Given what has happened, it’s only prudent to assume that sooner or later all the details of your financial life will come to rest in a government computer—if they’re not sitting there already. You should plan accordingly. We live in a world where pretty much every penny you earn, save, and spend leaves a permanent record somewhere, and that can be retrieved for scrutiny by government employees at any time.

This interview appeared on the Internet site yesterday---and I thank senior editor Nick Giambruno for passing it around.


Deutsche Bank sets aside €1.5 billion as Libor settlement looms

Deutsche Bank will take a litigation charge of "approximately €1.5 billion," it said on Wednesday as the German lender nears settlement of claims that it tried to manipulate interbank lending rates.

A resolution of the long-running saga could come as early as Thursday, and the banks total fine is likely to be more than €2 billion, according to people familiar with the situation.

That total would represent the largest penalty meted out so far in connection with the scandal over the manipulation of the London interbank offered rate (Libor) and other interbank borrowing rates.

The above three paragraphs from this Financial Times story from Wednesday are all that were posted in the clear in this GATA release from yesterday---and I thank Chris Powell for posting it.


The Swiss Franc Is Plunging After Swiss National Bank Comments

As Bloomberg reports, Swiss National Bank says its reduced the group of sight deposit account holders that are exempt from negative rates.

Says negative rates to apply to sight deposit accounts held at SNB by enterprises associated with federal govt, including pension fund PUBLICA.

Accounts will have minimum exemption threshold of CHF10m, to which negative interest does not apply.

Accounts of cantons of Geneva and Zurich, City of Zurich to be wound up---and account of SNB pension fund will also be subject to negative rates.

This Zero Hedge article is definitely worth your while.  It appeared on their website at 8:33 a.m. EDT on Wednesday morning---and it's another offering from reader M.A.  There was also a Reuters story on this posted at the Internet site yesterday---and it's headlined "Swiss central bank reduces exemptions from negative interest rates".


Ukraine, in snub to Moscow, to adopt British war-time symbol, ditch Soviet war name

Ukraine, in a break with tradition that is certain to rile Moscow, is ditching the Soviet name for World War Two and aims to adopt the poppy, a mainly British wartime symbol, to mark the 70th anniversary of the victory over Nazi Germany.

The moves, signaled by Prime Minister Arseny Yatseniuk on Wednesday, marked an attempt by Kiev to distance itself from Moscow's Soviet-style celebrations, planned for May 9, as the conflict with Russian-backed separatists in eastern Ukraine drags on.

In another break with the Soviet past, Kiev will align its calendar with that of its European allies by adding for the first time May 8 - known in the West as Victory in Europe Day - as a national holiday.

A decree signed by President Petro Poroshenko fixed May 8 as a day for reconciliation between those Ukrainians who fought only the Nazis with those who, after the war, went on to fight Soviet rule also.

My goodness sakes alive, dear reader, how petty/childish can one get?  Of course sociopaths are like that---and I know quite a few.  So do you if you know the checklist for them.  This Reuters article, filed from Kiev, put in an appearance on the Internet site around 7 a.m. EDT yesterday morning---and I thank Jim Skinner for passing it around.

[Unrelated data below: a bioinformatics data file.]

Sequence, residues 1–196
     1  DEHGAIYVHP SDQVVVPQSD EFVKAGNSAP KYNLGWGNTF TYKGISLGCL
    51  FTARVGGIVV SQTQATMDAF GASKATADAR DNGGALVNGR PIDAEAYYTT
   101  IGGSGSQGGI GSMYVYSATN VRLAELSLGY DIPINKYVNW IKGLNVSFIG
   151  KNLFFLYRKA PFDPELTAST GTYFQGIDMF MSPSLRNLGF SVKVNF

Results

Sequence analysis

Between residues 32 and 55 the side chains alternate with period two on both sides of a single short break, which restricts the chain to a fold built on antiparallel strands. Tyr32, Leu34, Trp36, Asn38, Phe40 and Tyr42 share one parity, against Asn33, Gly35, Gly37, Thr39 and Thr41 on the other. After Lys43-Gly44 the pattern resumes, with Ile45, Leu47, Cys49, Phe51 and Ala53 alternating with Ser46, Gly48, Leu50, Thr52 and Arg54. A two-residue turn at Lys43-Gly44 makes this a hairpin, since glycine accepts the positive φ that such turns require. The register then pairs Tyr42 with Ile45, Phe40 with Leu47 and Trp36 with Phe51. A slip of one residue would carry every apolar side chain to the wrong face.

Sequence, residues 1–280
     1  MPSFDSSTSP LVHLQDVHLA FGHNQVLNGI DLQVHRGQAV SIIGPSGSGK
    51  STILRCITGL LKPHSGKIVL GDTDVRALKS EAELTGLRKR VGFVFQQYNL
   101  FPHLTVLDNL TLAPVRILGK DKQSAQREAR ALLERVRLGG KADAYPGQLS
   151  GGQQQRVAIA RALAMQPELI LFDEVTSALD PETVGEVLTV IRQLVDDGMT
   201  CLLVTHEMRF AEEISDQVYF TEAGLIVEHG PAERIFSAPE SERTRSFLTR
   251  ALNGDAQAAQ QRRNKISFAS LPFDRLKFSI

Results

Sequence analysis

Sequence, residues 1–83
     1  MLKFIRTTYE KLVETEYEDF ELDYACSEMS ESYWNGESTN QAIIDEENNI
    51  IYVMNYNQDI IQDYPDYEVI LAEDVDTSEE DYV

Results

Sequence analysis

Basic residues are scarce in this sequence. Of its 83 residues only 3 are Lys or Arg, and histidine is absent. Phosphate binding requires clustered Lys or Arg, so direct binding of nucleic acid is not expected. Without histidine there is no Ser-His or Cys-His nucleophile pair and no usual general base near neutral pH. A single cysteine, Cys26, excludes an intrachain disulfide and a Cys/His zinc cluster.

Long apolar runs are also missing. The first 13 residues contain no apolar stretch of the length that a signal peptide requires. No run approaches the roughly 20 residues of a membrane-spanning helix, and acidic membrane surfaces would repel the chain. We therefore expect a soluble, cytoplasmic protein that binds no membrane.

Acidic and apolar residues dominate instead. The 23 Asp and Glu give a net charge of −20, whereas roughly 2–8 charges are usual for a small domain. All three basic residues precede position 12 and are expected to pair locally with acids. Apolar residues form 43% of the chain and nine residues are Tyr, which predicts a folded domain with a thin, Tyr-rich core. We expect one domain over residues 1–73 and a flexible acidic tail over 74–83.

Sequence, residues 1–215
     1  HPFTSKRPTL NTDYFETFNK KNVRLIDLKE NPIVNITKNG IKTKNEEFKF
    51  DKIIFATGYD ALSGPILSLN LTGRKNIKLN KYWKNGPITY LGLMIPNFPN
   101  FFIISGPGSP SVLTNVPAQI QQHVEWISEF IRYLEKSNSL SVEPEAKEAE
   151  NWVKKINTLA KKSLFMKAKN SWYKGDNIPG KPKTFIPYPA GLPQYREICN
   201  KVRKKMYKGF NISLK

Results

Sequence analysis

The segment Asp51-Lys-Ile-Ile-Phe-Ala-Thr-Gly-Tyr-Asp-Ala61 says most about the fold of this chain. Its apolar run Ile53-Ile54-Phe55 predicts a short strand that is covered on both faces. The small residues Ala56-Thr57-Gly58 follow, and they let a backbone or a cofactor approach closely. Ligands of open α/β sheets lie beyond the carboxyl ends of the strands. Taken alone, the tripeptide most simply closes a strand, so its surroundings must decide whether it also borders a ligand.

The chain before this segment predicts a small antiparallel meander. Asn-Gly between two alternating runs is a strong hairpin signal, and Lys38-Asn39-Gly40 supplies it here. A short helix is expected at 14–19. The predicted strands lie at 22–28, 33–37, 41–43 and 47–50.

U.S. uses Ukraine crisis to derail Russia-Germany partnership – Lavrov

Washington’s strategy is to sow discord throughout the world to keep itself in the loop in every region, Russian Foreign Minister Sergey Lavrov told Russian media. The Ukrainian crisis was initiated to prevent an alliance between Russia and Germany.

“Strategically [the U.S.] don’t want to allow a situation in which important regions of the world live and prosper without them, without the Americans. That is why it is important for them to keep people dependent of them,” he said.

The assessment was voiced by Lavrov during a two-hour marathon Q&A session with three Russian radio stations: Echo of Moscow, Moscow Speaks and Sputnik Radio. They were represented by their respective chiefs, Aleksey Venedictov, Sergey Dorenko and Margarita Simonyan, who also heads Russia Today.

The Ukrainian crisis is used by the U.S. to derail Russia’s partnership with the E.U. and particularly Germany, Lavrov stressed.

This right-on-the-money Russia Today news item, which is definitely worth reading, showed up on their Internet site at 3:05 p.m. Moscow time on their Wednesday afternoon, which was 8:05 a.m. EDT in Washington.  It is, of course, courtesy of Roy Stephens.


Washington prepares for diplomatic war of attrition with Russia

The U.S. reportedly expects that the ongoing confrontation with Russia would continue until at least 2024 and involve many directions. Washington wants to rally support of its European allies to continue mounting pressure on Moscow.

The expected diplomatic and economic war of attrition is being outlined in a Russia policy review currently prepared by Celeste Wallander, special assistant to President Barack Obama and senior director for Russia and Eurasia on the National Security Council, reports Italian newspaper La Stampa. The publication said it learned details of the upcoming policy change from a preview that Washington sent to the Italian government to coordinate the future effort.

U.S. diplomats say Russia changed the cooperative stance it assumed after the collapse of the Soviet Union and is now using force to defend its national interests, the paper said. The change is attributed to the personality of Russian President Vladimir Putin, who, Washington expects, will remain in power until at least 2024.